Endgame Entertainment got a hold of the script next, and ran it by director Rian Johnson, who managed to contract whooping cough at the same time. In 2008, over at Hard C Productions, when Jason Reitman asked playwright Erin Cressida Wilson to do a rewrite, her liver nearly failed, and on the very day he vowed to work on the script himself, Reitman's prized Jaguar XJ12C was totaled in a rockslide. Roulez became persona non grata in Hollywood, and for years, it was only mentioned late at night at screenwriter's parties after the beer had been flowing, and experienced writers shared their career horror stories with young writers, fresh off the plane from NYU. Roulez was attributed as the reason for everything from the cancellation of Reno 911! on Comedy Central to the self-imposed exile to Cambodia of comedian Michael Richards. It was said that the taint of being connected to the script had put several other buzzworthy films into limbo or turnaround, including Jonny Quest, The Ballad of the Whiskey Robber, and Untitled Carrot Top Project. (However, if you ask about one of 2008's biggest failures, everyone will acknowledge that it was not in any way the Roulez curse that took down The Love Guru.)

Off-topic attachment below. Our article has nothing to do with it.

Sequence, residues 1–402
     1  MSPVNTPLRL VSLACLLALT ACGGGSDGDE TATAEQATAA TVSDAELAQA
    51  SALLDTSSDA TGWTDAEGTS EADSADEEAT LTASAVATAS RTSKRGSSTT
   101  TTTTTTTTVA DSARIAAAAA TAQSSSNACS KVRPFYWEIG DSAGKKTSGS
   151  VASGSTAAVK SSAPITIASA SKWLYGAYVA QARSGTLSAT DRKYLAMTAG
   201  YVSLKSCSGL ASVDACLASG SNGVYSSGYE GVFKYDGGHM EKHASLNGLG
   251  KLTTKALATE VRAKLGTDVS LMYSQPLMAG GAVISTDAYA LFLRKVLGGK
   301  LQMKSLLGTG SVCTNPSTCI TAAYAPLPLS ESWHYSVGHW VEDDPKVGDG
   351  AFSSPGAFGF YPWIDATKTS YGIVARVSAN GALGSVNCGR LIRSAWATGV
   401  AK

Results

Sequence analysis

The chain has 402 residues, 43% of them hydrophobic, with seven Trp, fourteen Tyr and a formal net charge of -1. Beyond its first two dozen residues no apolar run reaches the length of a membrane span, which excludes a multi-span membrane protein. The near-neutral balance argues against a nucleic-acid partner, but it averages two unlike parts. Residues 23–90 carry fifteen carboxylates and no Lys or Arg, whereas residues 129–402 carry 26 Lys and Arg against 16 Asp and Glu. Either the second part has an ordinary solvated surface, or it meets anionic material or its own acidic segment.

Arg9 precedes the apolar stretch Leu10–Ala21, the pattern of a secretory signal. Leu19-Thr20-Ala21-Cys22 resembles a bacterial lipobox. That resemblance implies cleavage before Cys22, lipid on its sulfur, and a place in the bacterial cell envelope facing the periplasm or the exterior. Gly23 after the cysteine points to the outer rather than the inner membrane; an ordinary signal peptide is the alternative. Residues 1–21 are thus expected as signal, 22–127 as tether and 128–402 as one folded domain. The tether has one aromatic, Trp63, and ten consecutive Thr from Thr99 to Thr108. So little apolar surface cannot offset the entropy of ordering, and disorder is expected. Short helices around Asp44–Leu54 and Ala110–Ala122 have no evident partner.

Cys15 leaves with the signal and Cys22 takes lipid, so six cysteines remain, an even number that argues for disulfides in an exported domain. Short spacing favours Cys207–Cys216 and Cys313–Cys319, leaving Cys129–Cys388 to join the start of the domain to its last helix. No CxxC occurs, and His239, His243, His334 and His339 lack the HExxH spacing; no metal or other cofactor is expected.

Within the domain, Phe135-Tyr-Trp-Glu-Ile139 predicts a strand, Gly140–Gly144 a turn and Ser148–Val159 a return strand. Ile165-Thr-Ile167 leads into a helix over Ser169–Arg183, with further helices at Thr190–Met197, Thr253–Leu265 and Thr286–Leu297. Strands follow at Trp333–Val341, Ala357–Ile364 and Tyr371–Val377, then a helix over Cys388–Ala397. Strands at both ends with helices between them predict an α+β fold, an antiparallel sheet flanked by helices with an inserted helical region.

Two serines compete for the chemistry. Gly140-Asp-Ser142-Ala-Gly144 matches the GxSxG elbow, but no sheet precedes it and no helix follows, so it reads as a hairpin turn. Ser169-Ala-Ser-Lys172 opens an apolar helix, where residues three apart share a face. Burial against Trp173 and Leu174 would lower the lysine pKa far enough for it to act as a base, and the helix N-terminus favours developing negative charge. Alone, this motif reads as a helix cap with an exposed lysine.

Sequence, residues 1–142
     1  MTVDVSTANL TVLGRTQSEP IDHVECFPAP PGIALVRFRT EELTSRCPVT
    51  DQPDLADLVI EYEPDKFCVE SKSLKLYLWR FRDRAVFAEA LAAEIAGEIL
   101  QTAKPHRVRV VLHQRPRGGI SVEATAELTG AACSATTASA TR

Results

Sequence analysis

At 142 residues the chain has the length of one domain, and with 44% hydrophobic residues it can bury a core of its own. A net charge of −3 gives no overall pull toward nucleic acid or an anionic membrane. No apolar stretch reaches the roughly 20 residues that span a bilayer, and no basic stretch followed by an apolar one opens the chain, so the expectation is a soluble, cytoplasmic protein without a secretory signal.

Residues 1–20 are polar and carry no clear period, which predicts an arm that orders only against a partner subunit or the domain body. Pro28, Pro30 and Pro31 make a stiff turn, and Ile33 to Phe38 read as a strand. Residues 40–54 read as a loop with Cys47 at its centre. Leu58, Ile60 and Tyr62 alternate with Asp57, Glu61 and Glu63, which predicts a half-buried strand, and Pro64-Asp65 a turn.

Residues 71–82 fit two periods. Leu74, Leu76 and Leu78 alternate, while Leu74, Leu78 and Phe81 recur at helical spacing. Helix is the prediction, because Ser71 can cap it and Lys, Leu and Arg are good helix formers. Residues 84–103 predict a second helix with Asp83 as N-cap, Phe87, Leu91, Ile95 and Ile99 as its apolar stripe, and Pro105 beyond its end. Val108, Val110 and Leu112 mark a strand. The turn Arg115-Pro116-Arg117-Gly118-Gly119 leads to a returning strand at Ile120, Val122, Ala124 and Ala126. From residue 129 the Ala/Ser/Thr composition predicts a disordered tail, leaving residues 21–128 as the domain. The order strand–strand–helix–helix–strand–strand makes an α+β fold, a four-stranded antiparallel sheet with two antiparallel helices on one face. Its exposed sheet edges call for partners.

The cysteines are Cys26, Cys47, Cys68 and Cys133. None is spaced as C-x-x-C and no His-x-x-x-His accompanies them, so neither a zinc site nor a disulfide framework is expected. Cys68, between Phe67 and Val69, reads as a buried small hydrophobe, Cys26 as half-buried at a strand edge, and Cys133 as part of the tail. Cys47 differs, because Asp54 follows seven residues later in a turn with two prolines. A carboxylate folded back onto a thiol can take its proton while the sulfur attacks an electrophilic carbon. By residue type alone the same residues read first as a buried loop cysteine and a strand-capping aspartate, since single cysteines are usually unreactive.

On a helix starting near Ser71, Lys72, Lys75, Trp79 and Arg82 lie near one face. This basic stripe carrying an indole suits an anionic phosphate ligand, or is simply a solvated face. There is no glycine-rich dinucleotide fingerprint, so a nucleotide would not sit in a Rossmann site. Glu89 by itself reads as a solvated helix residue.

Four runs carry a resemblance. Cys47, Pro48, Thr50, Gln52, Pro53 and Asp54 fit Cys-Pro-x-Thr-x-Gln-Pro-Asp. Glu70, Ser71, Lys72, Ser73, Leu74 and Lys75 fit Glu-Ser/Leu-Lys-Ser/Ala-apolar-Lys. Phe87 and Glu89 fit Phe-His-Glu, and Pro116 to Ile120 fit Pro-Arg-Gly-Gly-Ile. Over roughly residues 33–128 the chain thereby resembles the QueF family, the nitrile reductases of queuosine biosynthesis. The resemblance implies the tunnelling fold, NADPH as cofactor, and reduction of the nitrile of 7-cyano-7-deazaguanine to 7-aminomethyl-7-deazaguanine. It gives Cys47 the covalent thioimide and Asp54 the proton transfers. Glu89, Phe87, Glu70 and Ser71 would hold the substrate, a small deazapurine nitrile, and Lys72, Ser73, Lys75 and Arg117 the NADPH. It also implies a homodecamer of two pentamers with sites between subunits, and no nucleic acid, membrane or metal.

Some wags on the Aint It Cool News site suggested that the script be dropped anonymously on the doorstep of Melissa Rosenberg, screenwriter for The Twilight Saga films, but the jury is out on whether any faults with The Twilight Saga: New Moon can be blamed on the curse of Dujardin.

Early in 2012, Adam McKay released a short video on FunnyorDie.com starring Jean Dujardin appearing at a gaming convention as Mille Bornes inventor Arthur Dujardin, dressed in full road rally regalia, accosting convention attendees and their cars with oversize hazards from the game.

The Hollywood press soon announced that Paul Reubens is now attached to the project, and writers Ian Deitchman and Kristin Rusk Robinson (Life as We Know It) have been hired to doctor the script. By coincidence, both writers were in the same film program at Northwestern with Parker Brothers aficionado Sonnenschein.


LieQuest 2013

A few issues of Roulez from 1994 are available are available online: http://www.scribd.com/doc/15590688/Roulez4